Red Rocks and Dinosaur Ridge
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Skiers, hikers, and tourists prize Colorado’s Rocky Mountains for what they offer today: steep ski slopes, challenging climbs, and spectacular views. Geologists and paleontologists prize the region for the information it offers about the past. A few attractions that give a glimpse into the Colorado’s ancient history lie next to Denver’s western suburbs: Dinosaur Ridge and Red Rocks Park.

Landsat 7’s Enhanced Thematic Mapper Plus (ETM+) sensor captured this image on September 14, 2000. The Rocky Mountain Foothills cut a line down the middle of this image. The eastern edge of this line is known locally as “the hogback” because it resembles the razorback of a wild boar. To the east of the hogback is the Denver metro area, discernible through the meandering lines of residential neighborhood streets. To the west are the foothills and isolated outcrops of ancient red rocks.

Colorado’s rocks record hundreds of millions of years of climatic and geological change. When the Rocky Mountains rose, starting roughly 70 million years ago, the uplift unearthed rock layers that had hidden underground for thousands of centuries. One group of rocks included ancient red sandstones. These rocks date from 300 million to 250 million years ago, and they comprise the only evidence we have of a mountain chain far more ancient than the current Rocky Mountains. Known to geologists as the Ancestral Rocky Mountains, these mountains likely ran parallel to the current mountain range, lying a little farther to the west. At the time they loomed over what is now Colorado, fin-backed proto-mammals wandered the landscape. Over eons of time, those mountains eroded, and their sediments hardened and reddened, due to iron-rich water percolating through them. These rocks were buried deep underground for tens of millions of years, then were pushed to the surface when the current Rocky Mountains rose. Today, the red rocks occur sporadically throughout the Rocky Mountain Foothills. In Roxborough Park and Red Rocks Park, the ancient rocks have formed a natural amphitheatre, now a popular site for concerts.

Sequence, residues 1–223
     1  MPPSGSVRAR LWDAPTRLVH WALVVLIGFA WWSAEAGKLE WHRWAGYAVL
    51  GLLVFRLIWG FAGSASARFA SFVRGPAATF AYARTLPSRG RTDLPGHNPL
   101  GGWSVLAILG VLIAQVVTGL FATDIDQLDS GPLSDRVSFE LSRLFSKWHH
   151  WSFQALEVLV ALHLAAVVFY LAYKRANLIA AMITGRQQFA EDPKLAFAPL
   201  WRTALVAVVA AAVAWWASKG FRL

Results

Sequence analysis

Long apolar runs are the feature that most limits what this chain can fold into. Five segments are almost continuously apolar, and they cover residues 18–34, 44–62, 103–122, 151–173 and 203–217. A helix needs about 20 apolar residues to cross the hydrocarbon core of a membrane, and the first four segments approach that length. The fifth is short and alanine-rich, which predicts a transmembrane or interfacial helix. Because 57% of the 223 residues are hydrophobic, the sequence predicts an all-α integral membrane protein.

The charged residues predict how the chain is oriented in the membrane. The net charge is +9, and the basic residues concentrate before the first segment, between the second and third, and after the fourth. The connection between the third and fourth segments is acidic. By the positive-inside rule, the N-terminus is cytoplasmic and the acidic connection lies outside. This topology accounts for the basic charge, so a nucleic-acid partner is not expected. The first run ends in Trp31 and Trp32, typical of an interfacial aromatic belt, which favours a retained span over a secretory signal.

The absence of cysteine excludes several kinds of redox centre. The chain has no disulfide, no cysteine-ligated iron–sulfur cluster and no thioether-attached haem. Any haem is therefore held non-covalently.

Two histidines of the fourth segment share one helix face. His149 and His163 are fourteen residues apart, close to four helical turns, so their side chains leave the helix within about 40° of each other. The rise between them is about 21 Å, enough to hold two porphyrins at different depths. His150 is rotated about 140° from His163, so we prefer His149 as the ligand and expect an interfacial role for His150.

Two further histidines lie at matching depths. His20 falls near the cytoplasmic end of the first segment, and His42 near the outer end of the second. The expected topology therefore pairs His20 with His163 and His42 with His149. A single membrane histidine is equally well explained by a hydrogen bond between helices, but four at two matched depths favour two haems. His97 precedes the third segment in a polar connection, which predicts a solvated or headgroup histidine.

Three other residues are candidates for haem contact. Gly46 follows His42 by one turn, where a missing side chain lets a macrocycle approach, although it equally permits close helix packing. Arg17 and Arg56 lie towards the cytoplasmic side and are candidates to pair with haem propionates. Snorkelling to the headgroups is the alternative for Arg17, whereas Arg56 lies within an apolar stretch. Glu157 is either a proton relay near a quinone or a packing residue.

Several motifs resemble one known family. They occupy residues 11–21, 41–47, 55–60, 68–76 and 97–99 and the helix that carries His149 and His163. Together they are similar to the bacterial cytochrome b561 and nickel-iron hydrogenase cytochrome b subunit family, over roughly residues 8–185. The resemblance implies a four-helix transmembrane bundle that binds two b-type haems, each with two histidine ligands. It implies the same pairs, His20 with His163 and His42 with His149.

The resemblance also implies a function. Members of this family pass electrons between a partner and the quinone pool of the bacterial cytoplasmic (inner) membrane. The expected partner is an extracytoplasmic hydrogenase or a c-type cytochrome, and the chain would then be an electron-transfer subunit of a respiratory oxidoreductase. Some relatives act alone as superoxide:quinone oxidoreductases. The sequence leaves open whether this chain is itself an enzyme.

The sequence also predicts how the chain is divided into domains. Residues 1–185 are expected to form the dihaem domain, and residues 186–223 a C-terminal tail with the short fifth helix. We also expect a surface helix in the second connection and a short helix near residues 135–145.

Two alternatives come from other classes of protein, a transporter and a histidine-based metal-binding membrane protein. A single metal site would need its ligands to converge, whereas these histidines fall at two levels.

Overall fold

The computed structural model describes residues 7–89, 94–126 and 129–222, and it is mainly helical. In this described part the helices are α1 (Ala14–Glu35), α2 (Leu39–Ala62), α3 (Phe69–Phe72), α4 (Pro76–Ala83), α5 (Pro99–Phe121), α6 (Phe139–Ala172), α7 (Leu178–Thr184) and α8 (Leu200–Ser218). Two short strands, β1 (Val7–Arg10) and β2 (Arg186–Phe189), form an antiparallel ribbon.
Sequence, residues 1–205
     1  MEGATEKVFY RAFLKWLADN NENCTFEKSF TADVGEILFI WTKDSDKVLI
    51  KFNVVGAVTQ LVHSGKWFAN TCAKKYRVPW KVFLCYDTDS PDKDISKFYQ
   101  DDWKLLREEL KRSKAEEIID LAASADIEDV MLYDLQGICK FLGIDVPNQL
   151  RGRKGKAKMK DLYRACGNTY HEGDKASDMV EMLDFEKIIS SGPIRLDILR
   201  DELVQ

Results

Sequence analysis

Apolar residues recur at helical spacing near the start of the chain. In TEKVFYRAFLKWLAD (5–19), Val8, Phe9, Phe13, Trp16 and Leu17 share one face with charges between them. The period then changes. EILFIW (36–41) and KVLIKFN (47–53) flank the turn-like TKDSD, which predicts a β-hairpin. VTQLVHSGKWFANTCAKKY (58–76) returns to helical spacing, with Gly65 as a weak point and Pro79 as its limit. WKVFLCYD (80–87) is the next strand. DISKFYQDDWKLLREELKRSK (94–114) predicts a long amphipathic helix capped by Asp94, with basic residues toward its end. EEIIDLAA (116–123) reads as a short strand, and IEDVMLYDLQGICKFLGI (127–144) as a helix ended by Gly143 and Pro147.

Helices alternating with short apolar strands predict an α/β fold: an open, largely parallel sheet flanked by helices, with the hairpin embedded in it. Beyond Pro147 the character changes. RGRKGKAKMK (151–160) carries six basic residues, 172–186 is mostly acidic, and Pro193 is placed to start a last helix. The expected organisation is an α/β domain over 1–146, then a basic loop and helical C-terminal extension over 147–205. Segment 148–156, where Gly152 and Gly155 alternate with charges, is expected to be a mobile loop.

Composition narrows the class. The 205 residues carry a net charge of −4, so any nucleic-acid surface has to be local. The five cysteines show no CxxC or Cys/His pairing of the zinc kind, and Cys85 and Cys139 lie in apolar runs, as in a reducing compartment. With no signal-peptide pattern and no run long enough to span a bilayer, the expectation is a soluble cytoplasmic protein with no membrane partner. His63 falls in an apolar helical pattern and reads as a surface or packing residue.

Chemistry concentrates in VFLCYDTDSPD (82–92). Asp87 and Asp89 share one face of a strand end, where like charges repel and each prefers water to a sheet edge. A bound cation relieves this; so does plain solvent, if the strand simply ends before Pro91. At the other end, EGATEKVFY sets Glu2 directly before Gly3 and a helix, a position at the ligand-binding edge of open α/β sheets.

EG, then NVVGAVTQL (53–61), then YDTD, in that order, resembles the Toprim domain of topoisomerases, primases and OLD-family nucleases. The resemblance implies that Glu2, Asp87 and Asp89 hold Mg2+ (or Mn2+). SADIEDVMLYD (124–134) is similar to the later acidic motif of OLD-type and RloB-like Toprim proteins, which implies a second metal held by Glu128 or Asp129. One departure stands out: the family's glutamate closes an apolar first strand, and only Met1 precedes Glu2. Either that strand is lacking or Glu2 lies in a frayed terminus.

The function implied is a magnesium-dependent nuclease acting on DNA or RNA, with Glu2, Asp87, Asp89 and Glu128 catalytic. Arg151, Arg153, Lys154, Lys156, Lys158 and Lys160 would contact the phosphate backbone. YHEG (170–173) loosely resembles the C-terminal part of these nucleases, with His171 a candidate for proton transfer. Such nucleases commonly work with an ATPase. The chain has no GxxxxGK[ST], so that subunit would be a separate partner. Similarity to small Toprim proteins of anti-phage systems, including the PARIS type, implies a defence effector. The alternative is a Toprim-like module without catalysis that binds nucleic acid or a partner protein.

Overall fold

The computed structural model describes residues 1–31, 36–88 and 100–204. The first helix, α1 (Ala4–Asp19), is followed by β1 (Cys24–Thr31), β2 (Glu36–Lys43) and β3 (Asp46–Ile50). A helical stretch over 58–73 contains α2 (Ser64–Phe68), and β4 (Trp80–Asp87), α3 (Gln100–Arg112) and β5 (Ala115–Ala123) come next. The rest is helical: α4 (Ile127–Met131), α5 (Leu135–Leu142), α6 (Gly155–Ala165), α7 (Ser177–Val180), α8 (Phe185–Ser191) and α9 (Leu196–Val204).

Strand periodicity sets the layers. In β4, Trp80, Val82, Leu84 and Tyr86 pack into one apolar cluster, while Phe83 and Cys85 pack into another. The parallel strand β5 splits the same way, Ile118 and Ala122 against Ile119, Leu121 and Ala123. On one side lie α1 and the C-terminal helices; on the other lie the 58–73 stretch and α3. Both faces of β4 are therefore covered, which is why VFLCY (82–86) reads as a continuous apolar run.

Like the ancient red rocks to the west, the hogback also records activity over tens of millions of years. The oldest rocks were deposited during the Jurassic Period (206 to 144 million years ago), when the area was a sea-level swamp where sauropod dinosaurs (a group of long-necked, four-legged herbivores) roamed. The newest rocks were deposited during the Cretaceous Period (144 to 65 million years ago), when a huge interior seaway alternately invaded and retreated from North America. During this time, Iguanodon dinosaurs (plant-eaters with beak-like jaws and hind legs that were much larger than their front legs) walked along the beachfront property. The Cretaceous sediments covered the earlier Jurassic sediments, and all those rocks lay flat for millions of years. Like the ancient red rocks to the west, these sediments were pushed to the surface by the same mountain-building process that raised the Rocky Mountains. The uplift also tipped these rocks over, showing older Jurassic rocks on the west, and younger Cretaceous rocks on the east. At Dinosaur Ridge near Morrison, Colorado, visitors can see Jurassic sauropod bones on the west side, then walk around the ridge to see Cretaceous iguanodon and theropod tracks on the east side. (Theropods are a group of carnivorous, bipedal dinosaurs that includes Tyrannosaurus rex and the ancestors of modern birds.) The trackway on the east side of Dinosaur Ridge is one of the best dinosaur trackways near a major metropolitan area anywhere in the United States.

NASA image by Jesse Allen, Earth Observatory, based on data provided by the Landsat 7 science team and UMD Global Land Cover Facility.

Red Rocks and Dinosaur Ridge

December 18, 2005
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